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Pharmacy grad honors mother's memory

by Dawn Brazell
Public Relations
When the Magnitude 7 earthquake hit Haiti on Jan. 12, Jean Hilaire stopped what he was doing to watch it on CNN. Just months away from graduating from the South Carolina College of Pharmacy, Hilaire found he couldn’t focus on his rotation.
He had to know if his family was alive.
Dr. Jean Hilaire holds a picture of his mother, Sylvie.

Hilaire got a two-week leave from his January acute care rotation to better be able to search for any news from his homeland. After three excruciating days of waiting, he learned that his mother had been killed.
“It was a big blow to me. I cried like a little baby,” he said, recalling how hard the process was since he was isolated from the rest of his surviving family. He fortunately had just made a trip to Haiti during the holidays to visit family, a smile lighting up his face as he recounts how much fun his mother and sister had making so many of his favorite meals.
One of the worst parts of being in Charleston during the aftermath of the earthquake was waiting for word, he said. Though he heard about his mother in the first few days, it would not be until the next week when he found out that his sister also had been killed.
“It was like a victory to find the bodies. When they found my sister, it was such a relief.”
Hilaire, the youngest of six siblings, said his mother and sister were loving, Christian people who lived by example. Desperate to get home to make sure his mother and sister had proper burials, Hilaire managed to get onto a MUSC medical missions flight to Haiti with Shane Woolfe, M.D., and his team. He worked as a guide and an interpreter, helping to get the team set as he adjusted to the change in scenery around him.
The four-story building that crushed the first floor where his mother, sister and niece used to live in Impasse Laraque 10, Lalue, Port-au-prince, Haiti.

“It was like a war zone. It was such complete devastation.”
Hilaire, who used to roam this area playing soccer and throwing fish nets into the ocean, said it was hard to take in all the damage. Gone were entire schools and buildings he used to know. When he finally made it to his village, his entire house was gone. Hilaire made sure the family burials were handled well, took some pictures and paid his respects.
When Hilaire had said his good-byes, he returned to the hospital in Bonne Fin still in shock at the destruction and the number of patients needing amputations. As an interpreter, he had to tell one patient his leg had to be amputated. The man was distraught, so Hilaire did what he could to get the wound treated and the patient put on medications that might help. It turned out, they did, and the man’s leg was saved. Hilaire said it felt good to be able to help in whatever ways he could.
Though colleagues have been surprised by the Haitians’ resilient spirit, it doesn’t come as a surprise to Hilaire. Haiti is a rugged place geographically, and its people have faced a long list of struggles from natural disasters to political upheavals. Hilaire doesn’t have family pictures from his childhood because those were lost during a hurricane. “It’s a tough place, but in the midst of that people find a way to enjoy life. They are very good people. They have good souls.”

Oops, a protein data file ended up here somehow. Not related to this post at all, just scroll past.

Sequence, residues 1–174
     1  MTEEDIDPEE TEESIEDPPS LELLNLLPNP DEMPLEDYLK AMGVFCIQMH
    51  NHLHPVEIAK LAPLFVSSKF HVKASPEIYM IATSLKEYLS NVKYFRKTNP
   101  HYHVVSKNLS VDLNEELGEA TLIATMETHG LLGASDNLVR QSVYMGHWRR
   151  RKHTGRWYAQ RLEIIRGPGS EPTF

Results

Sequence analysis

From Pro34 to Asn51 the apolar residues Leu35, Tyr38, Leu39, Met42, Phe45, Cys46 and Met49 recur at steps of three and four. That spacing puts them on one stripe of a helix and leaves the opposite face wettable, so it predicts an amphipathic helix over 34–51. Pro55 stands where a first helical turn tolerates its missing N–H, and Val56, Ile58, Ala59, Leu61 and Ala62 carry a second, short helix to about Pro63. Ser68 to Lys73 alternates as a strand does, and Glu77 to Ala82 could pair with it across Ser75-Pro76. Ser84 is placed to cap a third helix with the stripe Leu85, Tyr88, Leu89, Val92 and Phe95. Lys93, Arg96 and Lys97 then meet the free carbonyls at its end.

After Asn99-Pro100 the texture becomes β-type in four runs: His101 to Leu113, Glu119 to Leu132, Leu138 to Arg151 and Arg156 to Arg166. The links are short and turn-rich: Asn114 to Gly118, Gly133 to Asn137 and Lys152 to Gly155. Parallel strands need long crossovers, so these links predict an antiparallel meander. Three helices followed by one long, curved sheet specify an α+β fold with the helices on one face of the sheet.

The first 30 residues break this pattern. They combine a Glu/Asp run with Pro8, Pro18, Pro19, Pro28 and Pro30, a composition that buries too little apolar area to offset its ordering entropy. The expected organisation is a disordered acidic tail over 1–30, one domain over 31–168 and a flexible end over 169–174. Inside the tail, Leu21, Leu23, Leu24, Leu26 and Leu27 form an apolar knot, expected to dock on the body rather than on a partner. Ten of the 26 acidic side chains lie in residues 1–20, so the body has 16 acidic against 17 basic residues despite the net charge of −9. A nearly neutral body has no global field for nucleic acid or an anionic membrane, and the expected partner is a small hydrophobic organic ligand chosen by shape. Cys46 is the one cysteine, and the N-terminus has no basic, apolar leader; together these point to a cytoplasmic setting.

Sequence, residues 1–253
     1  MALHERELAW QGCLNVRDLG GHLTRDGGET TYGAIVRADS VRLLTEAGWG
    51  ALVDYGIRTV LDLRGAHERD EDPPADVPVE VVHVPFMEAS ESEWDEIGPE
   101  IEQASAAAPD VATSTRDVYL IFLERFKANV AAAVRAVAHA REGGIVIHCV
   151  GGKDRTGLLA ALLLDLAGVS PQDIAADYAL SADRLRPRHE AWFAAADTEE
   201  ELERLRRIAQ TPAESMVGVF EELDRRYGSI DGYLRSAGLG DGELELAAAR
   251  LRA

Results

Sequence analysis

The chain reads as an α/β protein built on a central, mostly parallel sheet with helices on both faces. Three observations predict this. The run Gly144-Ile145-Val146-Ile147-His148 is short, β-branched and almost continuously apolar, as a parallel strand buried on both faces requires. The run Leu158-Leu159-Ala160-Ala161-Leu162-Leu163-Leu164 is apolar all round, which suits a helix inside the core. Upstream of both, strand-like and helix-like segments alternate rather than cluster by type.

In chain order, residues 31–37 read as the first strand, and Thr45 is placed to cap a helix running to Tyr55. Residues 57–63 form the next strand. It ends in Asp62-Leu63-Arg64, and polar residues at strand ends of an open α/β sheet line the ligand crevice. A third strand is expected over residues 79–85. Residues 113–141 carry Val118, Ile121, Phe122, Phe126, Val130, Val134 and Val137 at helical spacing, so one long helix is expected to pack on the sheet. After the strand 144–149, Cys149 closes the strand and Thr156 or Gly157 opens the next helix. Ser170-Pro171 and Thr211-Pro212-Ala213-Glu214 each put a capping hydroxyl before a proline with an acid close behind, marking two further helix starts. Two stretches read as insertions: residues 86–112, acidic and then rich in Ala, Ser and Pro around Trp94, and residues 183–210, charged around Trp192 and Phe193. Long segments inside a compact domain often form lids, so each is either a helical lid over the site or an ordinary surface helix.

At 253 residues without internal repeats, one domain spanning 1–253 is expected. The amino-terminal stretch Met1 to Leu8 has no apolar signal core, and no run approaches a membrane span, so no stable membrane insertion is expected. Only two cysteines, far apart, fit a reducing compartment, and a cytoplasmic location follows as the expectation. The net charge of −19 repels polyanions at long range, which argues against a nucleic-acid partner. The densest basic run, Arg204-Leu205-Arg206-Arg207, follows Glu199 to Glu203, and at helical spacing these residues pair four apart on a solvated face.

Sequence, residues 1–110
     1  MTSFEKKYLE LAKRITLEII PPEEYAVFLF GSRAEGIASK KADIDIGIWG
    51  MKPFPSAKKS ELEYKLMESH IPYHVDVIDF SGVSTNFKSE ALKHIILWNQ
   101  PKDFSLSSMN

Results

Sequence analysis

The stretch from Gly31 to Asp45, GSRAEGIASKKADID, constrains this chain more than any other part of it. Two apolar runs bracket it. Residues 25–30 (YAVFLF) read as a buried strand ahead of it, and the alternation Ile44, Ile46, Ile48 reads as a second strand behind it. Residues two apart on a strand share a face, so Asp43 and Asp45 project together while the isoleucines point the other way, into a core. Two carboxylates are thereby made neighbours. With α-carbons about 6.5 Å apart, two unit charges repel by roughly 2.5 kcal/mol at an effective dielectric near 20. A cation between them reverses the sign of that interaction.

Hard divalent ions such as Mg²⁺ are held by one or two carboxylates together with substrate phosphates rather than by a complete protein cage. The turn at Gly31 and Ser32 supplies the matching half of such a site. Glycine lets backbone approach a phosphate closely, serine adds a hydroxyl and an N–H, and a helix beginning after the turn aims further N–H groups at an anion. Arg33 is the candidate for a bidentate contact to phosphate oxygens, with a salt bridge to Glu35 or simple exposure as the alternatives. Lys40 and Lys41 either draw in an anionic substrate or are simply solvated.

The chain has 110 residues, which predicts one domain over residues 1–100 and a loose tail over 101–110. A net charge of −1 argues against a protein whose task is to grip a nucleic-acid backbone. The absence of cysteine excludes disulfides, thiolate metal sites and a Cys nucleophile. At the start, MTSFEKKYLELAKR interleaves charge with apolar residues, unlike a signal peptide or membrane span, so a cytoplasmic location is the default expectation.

When Hilaire returned to MUSC, some people expected him to take a break from his studies to deal with his shock and grief. Hilaire decided to push forward to graduate, and he was able to make up the two weeks of missed time. It helped that his class stood behind him in a way that still surprises him by its generosity.
“When the tragedy happened in Haiti, the amount of support I received from them, the prayers and everything—the financial support that was outpouring—it was just amazing. I don’t think I’ve ever been in such an environment like that. I think the Southern hospitality is just amazing. Once folks get to know you, you’re like family to them.”
That support and the memory of his mother kept him going, said Hilaire, now a PharmD.
“It was sheer determination. I felt I had to go on. I’m still trying hard to focus, and it’s getting better. My mom would want me to go on.”
Hilaire, who has 14-year-old twins who live in Miami, said he hopes to work in Miami for awhile after graduation and then eventually return to Haiti to open up his own pharmacy on the outskirts of Port-au-Prince. His father, a Baptist minister, taught him the importance of giving back. Seeing himself as a positive person, Hilaire believes in being involved in community and being available to lend a helping hand.
He knows first-hand how it feels to be supported by such a community, and he thanks God for having placed him in such an environment, he said. The experience has left its mark.
“Life is very fragile. I don’t take my loved ones for granted anymore,” he said. “You go to Haiti, and you don’t take things for granted anymore. It makes life richer.”


Friday, May 21, 2010

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